Businessman claims responsibility for drone crash at Himeji Castle

Kyodo

A businessman admitted Sunday to flying a drone that was found stuck the previous day among the roof tiles of Himeji Castle, a UNESCO World Heritage site in Hyogo Prefecture, the police said.

The 49-year-old executive from Kitakyushu was quoted by the police as saying that he was using the unmanned aircraft to take pictures of the recently renovated feudal fortress to post in a magazine. He reportedly contacted a police station in Kyoto on Sunday morning to claim responsibility for the accident.

The multirotor drone, measuring about 60 cm on all sides, was found on the fifth floor, the Himeji officials said, adding that a guard on a routine patrol in the morning spotted it flying at an altitude of about 46 meters. Its rotors were apparently broken during the crash.

While no damage was found to the walls or roof tiles in the area where the drone was found, what appear to be scratches made by its rotor blades were found on a nearby window frame, the officials said.

Himeji Castle is also a designated national treasure. It was renovated in March after more than five years of restoration work that involved replacing roof tiles and repainting the outer walls. Damaging a cultural asset is grounds for prosecution. The police are investigating the incident.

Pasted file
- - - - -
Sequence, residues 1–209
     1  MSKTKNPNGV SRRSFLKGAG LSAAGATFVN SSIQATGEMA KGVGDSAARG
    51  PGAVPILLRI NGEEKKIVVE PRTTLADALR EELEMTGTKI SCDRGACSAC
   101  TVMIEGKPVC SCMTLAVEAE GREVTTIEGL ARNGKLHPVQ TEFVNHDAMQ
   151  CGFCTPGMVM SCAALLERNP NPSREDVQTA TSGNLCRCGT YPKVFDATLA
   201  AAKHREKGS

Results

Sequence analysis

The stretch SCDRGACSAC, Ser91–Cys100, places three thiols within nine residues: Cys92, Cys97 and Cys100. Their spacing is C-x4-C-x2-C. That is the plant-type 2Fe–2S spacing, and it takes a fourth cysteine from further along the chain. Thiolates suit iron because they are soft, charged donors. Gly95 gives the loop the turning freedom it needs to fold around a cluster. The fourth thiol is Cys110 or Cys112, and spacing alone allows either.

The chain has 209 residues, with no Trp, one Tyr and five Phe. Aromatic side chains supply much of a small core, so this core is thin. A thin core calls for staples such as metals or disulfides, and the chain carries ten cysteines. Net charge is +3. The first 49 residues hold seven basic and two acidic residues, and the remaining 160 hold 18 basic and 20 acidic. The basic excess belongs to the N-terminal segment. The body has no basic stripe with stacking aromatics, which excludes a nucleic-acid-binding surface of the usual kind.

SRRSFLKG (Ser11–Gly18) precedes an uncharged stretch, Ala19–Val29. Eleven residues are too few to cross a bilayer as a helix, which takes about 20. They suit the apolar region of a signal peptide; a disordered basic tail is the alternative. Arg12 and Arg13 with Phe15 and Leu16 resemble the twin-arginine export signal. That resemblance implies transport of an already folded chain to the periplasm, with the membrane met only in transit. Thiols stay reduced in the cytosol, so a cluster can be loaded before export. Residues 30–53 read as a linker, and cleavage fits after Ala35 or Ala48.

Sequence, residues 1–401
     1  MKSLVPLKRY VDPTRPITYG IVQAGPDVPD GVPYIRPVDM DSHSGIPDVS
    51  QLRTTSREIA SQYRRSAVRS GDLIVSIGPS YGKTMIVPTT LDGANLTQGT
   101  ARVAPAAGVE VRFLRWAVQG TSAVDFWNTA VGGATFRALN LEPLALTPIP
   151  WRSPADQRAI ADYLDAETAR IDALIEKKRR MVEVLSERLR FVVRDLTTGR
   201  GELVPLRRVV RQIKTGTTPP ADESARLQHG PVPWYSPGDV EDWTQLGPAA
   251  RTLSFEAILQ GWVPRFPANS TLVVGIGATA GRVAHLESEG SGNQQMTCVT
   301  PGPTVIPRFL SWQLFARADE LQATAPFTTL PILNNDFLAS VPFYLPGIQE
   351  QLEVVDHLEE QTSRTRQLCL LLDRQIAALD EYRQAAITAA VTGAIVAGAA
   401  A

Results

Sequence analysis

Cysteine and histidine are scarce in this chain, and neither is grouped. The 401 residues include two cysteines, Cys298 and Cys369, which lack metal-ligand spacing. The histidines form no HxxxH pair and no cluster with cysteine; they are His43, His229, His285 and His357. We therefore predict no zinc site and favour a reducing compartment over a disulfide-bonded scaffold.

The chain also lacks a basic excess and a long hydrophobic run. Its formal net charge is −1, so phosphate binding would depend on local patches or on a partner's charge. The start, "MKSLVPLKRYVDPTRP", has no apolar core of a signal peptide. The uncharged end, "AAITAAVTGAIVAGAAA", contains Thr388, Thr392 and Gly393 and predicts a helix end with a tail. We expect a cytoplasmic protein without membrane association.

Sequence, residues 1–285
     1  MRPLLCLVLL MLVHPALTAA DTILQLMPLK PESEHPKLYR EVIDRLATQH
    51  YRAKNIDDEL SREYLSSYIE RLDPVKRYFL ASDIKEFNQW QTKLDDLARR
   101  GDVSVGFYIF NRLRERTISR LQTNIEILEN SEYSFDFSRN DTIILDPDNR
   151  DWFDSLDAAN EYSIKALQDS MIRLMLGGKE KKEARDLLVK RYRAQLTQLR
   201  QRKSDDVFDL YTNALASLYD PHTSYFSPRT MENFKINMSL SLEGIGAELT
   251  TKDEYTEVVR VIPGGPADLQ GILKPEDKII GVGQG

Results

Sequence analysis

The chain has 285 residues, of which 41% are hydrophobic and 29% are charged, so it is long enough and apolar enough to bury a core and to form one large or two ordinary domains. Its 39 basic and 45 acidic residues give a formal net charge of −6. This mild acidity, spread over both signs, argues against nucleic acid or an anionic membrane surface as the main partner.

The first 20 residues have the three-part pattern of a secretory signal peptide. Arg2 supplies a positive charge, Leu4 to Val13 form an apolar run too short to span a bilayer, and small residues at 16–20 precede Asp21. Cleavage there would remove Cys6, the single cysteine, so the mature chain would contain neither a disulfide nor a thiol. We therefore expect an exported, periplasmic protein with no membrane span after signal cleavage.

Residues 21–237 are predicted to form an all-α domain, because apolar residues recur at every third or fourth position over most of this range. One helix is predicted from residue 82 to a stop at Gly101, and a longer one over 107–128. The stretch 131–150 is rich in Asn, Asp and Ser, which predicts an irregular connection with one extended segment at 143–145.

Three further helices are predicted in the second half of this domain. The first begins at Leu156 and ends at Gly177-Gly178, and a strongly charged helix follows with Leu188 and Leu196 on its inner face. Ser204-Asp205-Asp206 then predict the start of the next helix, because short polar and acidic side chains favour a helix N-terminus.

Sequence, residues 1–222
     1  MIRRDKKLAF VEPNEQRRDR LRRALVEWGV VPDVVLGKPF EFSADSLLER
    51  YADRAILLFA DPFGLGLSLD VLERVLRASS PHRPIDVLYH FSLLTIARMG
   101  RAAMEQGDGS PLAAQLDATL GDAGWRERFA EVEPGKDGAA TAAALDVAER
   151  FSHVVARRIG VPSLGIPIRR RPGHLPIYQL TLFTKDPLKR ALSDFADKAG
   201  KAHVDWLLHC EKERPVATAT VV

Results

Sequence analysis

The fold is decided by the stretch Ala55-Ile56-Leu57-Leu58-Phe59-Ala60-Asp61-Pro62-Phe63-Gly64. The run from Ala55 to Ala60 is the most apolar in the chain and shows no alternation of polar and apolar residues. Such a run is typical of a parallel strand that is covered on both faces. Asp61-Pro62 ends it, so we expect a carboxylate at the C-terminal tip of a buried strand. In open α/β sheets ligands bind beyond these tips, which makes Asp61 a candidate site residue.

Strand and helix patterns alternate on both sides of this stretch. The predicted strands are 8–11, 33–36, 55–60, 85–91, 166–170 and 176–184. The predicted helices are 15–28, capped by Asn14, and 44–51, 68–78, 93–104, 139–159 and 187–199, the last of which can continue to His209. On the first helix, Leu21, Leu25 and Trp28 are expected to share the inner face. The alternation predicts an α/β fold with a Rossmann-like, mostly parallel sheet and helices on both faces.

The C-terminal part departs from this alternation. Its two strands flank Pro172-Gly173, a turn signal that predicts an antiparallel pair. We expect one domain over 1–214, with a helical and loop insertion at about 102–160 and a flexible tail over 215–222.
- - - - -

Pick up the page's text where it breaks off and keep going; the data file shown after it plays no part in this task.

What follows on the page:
A total of 15 drones have been spotted flying near Himeji Castle since 2013, but this is the first confirmed crash, officials said.

“Drones are useful, but we’d like to request people to fly them in a sound manner and with sound morale,” said Hiroki Ishikawa, chief of the castle’s management office. “This incident is quite regrettable.”

A recently enacted law bans the flying of drones near the prime minister’s office and other important facilities, such as airports and nuclear power plants. The law was quickly enacted after a nuclear protester landed a drone with a radioactive payload on the roof of prime minister’s office in April, where it sat undetected for two weeks.

  • Pedro

    Wasn’t the Okura Hotel a “cultural asset”?

  • Liars N. Fools

    I’m sure it was made in China. Maybe even flown by Chinese.

    • J.P. Bunny

      All the more reason to scrap the Constitution and go on the offensive before any more of these evil things scratch the paint on a cultural asset. How long until a drone carrying a coughing pigeon crashes and infects our Sacred Soil?